Three Things To Consider When Sourcing Grapes

Sourcing from growers and vineyards can be a valuable tool for wineries, even if they have robust vineyards on their estate.

Kivelstadt Cellars & Weingarten in Sonoma, California is among those wineries that use a bit of both. Kivelstadt’s estate is located 4.5 miles northwest of Glen Ellen and has volcanic shallow soils and steep terrain that forces vines to struggle for nutrients and water but have successfully produced varietals such as Mourvedre and Grenache. 

But its longstanding partnerships with Eco Terrano in Cloverdale, California and Venturi Vineyard in Calpella, California as well as others allow it to expand its offerings with varietals like Sauvignon Blanc and Chenin Blanc and nontraditional products like orange wine, which is popular in Spain. 

Kivelstadt winemaker Sam Baron said for him, it comes down to static variables in the vineyards, farming philosophy and cost when considering growers from which to source grapes.

“Finding growers and vineyards is all about word of mouth and networking,” Kivelstadt Winemaker Sam Baron said. “The catalysts for interest are always the static variables in the vineyard, like varietals planted, soil type, location, vine age, etcetera.”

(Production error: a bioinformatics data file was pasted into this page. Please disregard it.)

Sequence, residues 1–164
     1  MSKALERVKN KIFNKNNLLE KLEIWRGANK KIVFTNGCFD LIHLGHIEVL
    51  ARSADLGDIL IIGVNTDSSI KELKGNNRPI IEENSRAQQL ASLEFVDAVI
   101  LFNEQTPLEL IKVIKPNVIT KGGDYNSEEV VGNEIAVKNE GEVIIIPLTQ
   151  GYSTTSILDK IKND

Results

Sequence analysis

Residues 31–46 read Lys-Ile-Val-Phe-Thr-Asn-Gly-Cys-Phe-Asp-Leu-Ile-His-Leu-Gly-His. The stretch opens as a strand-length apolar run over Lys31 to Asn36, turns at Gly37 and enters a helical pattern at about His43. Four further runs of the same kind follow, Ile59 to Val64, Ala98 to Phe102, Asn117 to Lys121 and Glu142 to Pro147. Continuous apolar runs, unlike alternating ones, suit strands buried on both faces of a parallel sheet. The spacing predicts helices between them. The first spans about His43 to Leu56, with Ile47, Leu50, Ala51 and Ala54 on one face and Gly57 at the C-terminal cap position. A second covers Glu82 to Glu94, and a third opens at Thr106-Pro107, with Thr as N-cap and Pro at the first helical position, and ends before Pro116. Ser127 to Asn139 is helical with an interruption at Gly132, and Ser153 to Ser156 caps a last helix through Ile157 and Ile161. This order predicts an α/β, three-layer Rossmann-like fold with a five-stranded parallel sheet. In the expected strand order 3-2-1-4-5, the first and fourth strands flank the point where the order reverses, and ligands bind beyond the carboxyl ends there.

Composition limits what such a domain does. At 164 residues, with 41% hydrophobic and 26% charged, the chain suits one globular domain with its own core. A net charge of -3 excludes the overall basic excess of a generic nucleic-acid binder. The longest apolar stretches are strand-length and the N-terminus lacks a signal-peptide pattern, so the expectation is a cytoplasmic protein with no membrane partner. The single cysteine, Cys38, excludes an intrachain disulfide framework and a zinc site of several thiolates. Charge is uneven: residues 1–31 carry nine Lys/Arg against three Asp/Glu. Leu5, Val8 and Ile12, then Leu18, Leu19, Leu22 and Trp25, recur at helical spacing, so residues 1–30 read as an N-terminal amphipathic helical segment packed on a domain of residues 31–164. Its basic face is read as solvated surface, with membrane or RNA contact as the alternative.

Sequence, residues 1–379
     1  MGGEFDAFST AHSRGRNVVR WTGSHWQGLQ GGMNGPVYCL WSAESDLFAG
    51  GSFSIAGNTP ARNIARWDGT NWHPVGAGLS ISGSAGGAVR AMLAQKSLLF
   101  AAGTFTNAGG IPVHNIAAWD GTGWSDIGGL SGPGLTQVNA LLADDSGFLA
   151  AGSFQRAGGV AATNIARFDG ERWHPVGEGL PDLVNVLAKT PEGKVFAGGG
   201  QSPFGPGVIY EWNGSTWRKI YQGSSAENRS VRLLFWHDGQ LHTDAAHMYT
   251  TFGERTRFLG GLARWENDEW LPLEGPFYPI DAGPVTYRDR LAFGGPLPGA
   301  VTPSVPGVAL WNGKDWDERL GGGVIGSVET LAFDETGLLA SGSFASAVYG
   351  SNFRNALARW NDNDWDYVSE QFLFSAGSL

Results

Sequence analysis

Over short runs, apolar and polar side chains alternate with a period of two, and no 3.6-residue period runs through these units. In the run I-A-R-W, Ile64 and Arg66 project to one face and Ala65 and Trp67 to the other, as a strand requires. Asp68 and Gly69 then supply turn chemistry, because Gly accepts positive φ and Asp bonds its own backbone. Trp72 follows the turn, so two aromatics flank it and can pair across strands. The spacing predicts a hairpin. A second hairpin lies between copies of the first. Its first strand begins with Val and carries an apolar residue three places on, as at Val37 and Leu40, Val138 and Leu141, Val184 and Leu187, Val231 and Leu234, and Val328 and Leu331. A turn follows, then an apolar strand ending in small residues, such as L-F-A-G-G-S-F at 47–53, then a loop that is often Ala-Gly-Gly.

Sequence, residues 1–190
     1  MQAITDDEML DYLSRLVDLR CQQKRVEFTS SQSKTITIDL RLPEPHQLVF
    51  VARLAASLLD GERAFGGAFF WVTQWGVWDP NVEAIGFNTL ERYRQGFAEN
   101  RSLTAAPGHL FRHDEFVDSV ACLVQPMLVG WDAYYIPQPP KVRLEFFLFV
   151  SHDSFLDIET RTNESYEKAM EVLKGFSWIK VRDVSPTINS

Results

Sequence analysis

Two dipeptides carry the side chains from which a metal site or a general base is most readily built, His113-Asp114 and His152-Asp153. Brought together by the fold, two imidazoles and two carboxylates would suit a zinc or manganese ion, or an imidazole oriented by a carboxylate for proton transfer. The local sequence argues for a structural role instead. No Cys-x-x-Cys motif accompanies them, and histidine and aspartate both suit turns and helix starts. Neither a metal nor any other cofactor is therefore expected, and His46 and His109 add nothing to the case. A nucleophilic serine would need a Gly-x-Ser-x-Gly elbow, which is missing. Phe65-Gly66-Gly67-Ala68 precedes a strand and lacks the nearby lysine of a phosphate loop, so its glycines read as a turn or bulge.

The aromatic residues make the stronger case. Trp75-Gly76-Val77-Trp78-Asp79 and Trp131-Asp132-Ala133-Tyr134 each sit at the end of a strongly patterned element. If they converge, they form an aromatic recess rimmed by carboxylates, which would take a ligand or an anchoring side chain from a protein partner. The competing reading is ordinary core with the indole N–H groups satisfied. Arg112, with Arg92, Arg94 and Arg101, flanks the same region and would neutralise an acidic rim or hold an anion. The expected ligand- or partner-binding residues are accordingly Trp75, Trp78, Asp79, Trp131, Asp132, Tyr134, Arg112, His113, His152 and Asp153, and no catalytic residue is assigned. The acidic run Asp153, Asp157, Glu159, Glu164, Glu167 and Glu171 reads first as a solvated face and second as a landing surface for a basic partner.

Once Baron establishes that the growers fit his winemaking philosophy, he shifts his focus to farming, he said, stressing that it was important to speak up with growers.

“It’s important to respect a growers relationship with their land,” Kivelstadt said. “That being said, it is also important to advocate for yourself and farming techniques which will maximize the quality of the fruit. Purchasers can learn a lot by reviewing spray programs over previous years.”

After that, price is the last thing Baron said he considers. 

“Negotiate the cheapest price you can and pass that saving on to consumers,” Baron said.

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